Interview with Essa Al Ghurair, Al Ghurair
Al Ghurair is one of the most prominent family business names in the Middle East. Diversified into many activities ranging from heavy industry to financial services and employing thousands of people, Al Ghurair has successfully expanded its activities all over the world. Tharawat magazine speaks to Essa Al Ghurair, Vice Chairman of Al Ghurair Investments, and Chairman of Al Ghurair Foods, about the family’s regional and international achievements over the past decades.
Al Ghurair was founded in 1960 by your late grandfather Ahmed Al Ghurair. What do you think were the ingredients that made his vision so very successful and turned his business into the multinational conglomerate it is today?
The most important ingredients were and still are trust and commitment. At the time of my grandfather a handshake used to mean more than anything else. These values were instilled in all the following Al Ghurair generations. None of us would ever dishonour a commitment. Even if it is at times difficult, our forefathers have taught us to value the trust that people put in us above anything else. Always delivering on our promises has built our family reputation and, therefore, our brand.
I always tell my children that trust is like a glass, which they must try to protect with all their might. Sometimes this means that they have to fall and hurt themselves in the process, but it is paramount not to break the glass because once it is broken it is very difficult to mend it. When I say ‘hurt themselves’ this could mean for instance loosing some money, but ‘breaking the glass’ would mean that the family reputation is tarnished, which can signify damage beyond repair.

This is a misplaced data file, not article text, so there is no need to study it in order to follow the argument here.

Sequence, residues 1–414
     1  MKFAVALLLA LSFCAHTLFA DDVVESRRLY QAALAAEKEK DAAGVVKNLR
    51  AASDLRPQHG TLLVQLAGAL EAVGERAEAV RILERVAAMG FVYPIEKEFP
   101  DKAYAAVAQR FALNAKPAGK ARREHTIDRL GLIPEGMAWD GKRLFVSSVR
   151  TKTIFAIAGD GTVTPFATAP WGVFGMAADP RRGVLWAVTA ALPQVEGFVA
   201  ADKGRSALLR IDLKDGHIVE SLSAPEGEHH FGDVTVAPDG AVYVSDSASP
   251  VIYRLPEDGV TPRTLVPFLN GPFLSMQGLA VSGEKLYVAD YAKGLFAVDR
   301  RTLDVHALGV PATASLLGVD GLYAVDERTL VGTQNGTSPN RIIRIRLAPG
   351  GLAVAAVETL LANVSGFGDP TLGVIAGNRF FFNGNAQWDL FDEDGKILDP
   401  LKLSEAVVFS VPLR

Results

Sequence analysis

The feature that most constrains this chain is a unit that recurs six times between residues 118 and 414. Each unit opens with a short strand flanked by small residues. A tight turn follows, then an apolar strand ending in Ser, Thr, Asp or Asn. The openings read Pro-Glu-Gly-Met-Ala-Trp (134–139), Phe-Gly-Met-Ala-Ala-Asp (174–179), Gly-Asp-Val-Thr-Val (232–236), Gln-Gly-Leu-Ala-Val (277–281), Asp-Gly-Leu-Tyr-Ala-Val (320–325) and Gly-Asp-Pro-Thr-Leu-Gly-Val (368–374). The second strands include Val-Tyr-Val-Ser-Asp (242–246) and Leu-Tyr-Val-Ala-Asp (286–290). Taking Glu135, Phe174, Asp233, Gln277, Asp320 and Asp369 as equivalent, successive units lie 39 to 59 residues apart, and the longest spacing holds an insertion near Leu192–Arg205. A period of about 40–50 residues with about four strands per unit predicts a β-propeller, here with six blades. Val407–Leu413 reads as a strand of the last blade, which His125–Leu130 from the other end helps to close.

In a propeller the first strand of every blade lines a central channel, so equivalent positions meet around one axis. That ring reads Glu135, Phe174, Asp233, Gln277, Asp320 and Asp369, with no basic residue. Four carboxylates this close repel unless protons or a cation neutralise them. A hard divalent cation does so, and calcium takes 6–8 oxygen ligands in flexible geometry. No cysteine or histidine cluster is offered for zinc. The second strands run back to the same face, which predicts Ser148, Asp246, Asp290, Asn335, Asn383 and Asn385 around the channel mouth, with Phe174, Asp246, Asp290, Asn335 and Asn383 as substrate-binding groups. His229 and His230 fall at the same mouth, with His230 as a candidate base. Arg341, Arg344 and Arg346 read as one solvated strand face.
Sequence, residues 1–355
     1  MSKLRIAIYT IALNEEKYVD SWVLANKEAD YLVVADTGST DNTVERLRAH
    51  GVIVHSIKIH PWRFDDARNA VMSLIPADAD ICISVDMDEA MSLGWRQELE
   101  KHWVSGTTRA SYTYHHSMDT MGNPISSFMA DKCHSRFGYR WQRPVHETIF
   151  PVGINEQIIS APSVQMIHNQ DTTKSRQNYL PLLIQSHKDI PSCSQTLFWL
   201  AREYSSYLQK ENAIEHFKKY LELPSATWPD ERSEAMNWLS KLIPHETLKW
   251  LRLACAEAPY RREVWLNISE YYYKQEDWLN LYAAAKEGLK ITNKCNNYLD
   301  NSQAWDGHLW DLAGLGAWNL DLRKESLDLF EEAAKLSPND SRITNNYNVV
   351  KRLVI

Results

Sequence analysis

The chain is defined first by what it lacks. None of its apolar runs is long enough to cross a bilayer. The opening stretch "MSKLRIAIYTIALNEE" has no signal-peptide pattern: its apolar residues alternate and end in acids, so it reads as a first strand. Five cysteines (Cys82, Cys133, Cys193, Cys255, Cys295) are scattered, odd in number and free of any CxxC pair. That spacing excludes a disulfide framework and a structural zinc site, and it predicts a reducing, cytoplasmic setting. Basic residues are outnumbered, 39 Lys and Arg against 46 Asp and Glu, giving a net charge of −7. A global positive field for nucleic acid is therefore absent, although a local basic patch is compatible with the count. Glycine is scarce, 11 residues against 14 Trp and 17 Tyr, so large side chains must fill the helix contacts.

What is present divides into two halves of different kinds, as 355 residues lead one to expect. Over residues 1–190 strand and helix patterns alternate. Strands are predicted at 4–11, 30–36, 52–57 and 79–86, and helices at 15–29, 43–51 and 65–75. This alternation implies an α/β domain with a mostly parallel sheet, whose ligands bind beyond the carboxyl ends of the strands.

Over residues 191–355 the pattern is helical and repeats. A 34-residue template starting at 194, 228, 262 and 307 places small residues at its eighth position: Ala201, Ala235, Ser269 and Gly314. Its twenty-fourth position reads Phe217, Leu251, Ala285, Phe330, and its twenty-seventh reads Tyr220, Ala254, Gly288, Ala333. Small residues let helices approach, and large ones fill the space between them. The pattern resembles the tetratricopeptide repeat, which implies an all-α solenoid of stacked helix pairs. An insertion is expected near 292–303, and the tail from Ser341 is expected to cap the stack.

Is it difficult to transmit such values from one generation to the next?
The younger generation needs a certain amount of repetition. Of course, when you want to transmit values your reasoning has to be sound because only then will it stick in their minds. You give them examples of actions and consequences and how they can learn from them. This hopefully is a wake-up call. In the beginning the young generation can be a little hasty in their decisions but we can put on the breaks by reminding them of our values.
Even before the official foundation of the company, the Al Ghurair family has had a history of doing business in the region for more than a century. What was the main reason for the group to internationalise its activities?
In the past and before the company was formally established, communication was difficult. I remember that is used to take my grandfather 20 days to travel from Dubai to Karachi! Imagine, today, how much business you can do in that same time. Doing business was complicated in those days and yet they were trading with Iraq and Iran. My uncle even used to sail from the UAE to East Africa. We have always been traders and travellers. Founding a real commercial organisation was only possible after the UAE formation. The bank and financial services started even a little before that point; my grandfather and the family established the bank in 1967. Later on, they slowly started to build branches for the bank outside of the UAE to enable connections with the whole world. They were opportunity oriented and understood that they had to go abroad to grow the business.
In fact, it all happened because of the collapse of the pearling industry and the deep depression that followed for Dubai. The pearl industry at that time was much like the oil industry is today. When it all broke down what used to be sold at at 100 was now sold at 10. With the climate being such, our family felt it was time to assure growth in other countries. So at the time we internationalised out of necessity but it brought us many opportunities. With the UAE uniting we started to establish our banking activities and then branched out into other industries. We used to run agencies for international brands but we soon focused on developing our own brands and entered further into industry and manufacturing. Trade is one thing, when you have to deal with other people’s products, but trading with your own products is a different experience. We wanted to specialise and we wanted to manufacture products that were locally required.